Detroit Mayor Mike Duggan to discuss ‘hard work that has to be done’ in annual speech


Detroit – Mayor Mike Duggan will deliver his eighth state of the city speech on Tuesday, focusing on initiatives to help Detroit residents who have felt left out and left behind.

Programs dubbed “People Plan” by Duggan are expected to be a central element of the mayor’s virtual address, along with plans for another level of auto insurance reform in Detroit and details of the distribution of Johnson & Johnson’s new single. Dose of COVID vaccine.

Detroit’s Deputy Mayor Conrad Mallett on Monday gave a comprehensive overview of the key topics anticipated in the speech. Duggan is aiming for a third term as mayor this year.

“This is one of those times when we’re going to talk about the hard work that has to be done,” Mallett told The News. “In full recognition that our employees deserve the best from the hard work this team can do.”

When Duggan announced his campaign for another term in December, he began efforts to raise $ 50 million over five years to fund six programs under his People plan, including helping adults graduate from high school want to receive a craftsman apprenticeship and door-to-door training through door support programs.

The programs have all been deployed to varying degrees, but the funds requested are aimed at continuing and developing them. Mallett said Monday the speech will cover the government’s plan to link at least 2,000 Detroiters to the program.

Mallett said the mayor is also expected to discuss the city’s plan to launch the new Johnson & Johnson COVID-19 vaccine and where it will be administered.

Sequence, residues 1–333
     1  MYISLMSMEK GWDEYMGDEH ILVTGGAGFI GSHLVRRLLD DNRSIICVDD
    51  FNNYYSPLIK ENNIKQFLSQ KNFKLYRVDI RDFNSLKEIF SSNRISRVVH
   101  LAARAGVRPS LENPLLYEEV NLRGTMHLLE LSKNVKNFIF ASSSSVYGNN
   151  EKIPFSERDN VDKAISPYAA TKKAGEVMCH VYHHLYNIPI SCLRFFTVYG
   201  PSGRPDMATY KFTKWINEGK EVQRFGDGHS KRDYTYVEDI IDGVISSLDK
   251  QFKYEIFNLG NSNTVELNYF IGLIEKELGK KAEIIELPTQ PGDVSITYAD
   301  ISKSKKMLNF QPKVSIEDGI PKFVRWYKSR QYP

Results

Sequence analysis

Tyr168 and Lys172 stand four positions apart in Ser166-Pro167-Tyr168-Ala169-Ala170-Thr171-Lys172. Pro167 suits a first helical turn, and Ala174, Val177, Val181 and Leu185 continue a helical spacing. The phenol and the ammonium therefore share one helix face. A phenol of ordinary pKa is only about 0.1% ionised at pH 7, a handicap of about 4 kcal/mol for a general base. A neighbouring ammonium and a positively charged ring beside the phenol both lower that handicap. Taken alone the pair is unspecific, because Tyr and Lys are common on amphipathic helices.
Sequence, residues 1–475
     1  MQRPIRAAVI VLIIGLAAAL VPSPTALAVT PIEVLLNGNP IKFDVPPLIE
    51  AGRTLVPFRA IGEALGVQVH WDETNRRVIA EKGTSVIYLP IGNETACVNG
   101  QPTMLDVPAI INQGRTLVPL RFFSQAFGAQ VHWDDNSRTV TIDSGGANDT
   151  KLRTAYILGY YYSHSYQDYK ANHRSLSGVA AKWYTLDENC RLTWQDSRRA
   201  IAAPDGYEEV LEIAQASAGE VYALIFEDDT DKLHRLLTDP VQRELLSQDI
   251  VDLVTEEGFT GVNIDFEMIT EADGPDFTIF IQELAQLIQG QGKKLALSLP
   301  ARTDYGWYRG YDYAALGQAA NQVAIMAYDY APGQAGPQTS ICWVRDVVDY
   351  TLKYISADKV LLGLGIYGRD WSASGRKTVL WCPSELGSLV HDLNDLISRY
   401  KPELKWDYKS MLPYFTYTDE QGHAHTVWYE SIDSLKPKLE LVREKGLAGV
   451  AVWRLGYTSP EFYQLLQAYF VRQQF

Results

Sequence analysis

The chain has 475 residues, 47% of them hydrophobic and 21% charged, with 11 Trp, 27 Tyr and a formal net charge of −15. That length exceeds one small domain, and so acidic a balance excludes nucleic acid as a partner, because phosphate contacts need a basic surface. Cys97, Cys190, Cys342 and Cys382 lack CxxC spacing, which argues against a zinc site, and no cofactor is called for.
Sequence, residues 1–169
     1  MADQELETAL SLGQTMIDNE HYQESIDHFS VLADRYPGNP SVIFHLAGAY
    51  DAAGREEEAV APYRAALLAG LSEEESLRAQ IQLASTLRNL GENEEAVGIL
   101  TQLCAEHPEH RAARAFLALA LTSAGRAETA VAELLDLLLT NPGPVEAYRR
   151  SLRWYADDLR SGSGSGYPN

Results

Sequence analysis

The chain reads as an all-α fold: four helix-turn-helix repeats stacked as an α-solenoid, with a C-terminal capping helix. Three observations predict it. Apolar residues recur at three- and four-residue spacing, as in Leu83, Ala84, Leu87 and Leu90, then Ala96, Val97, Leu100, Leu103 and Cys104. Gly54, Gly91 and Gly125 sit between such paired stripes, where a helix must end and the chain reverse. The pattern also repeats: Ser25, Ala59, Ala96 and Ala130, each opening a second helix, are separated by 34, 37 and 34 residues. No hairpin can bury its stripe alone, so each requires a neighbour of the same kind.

The mayor’s public comments on the Johnson & Johnson vaccine and his decision last week to refuse a shipment of 6,200 doses resulted in a pushback.

Shortly after the vaccine received state emergency approval, Duggan said he had no plans to offer it and said it would be better targeted at rural communities. Days later, he said the Johnson & Johnson vaccine was good, but noted that Moderna and Pfizer vaccines, both of which had already been given in Detroit, were “the best.” He said the city will manage future shipments of the vaccine if necessary.

On Friday, Duggan appeared to be stepping back on previous comments and offering stronger endorsement of the Johnson & Johnson vaccine. President Joe Biden’s administration also weighed in, claiming that Duggan’s earlier comments had been misinterpreted.

Separately, the Mayor is expected to revisit the auto insurance issue in Michigan and make renewed efforts to ensure that Detroiters receive fair and equal prices.

Governor Gretchen Whitmer signed a historic auto reform law in spring 2019 to end the state’s unique requirement that motorists purchase policies that guarantee life-long uncovered medical benefits in the event of catastrophic accidental injuries. The state’s new law came into effect in July.

Mallett said the mayor would “build on our earlier issues”. He is expected to look into affordable housing and support for small businesses, especially those hard hit by the pandemic.

“We’re attacking the basics as usual,” Mallett said. “It all has to do with continued efforts to improve the quality of life and get people back to work.”

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Dusty Kennedy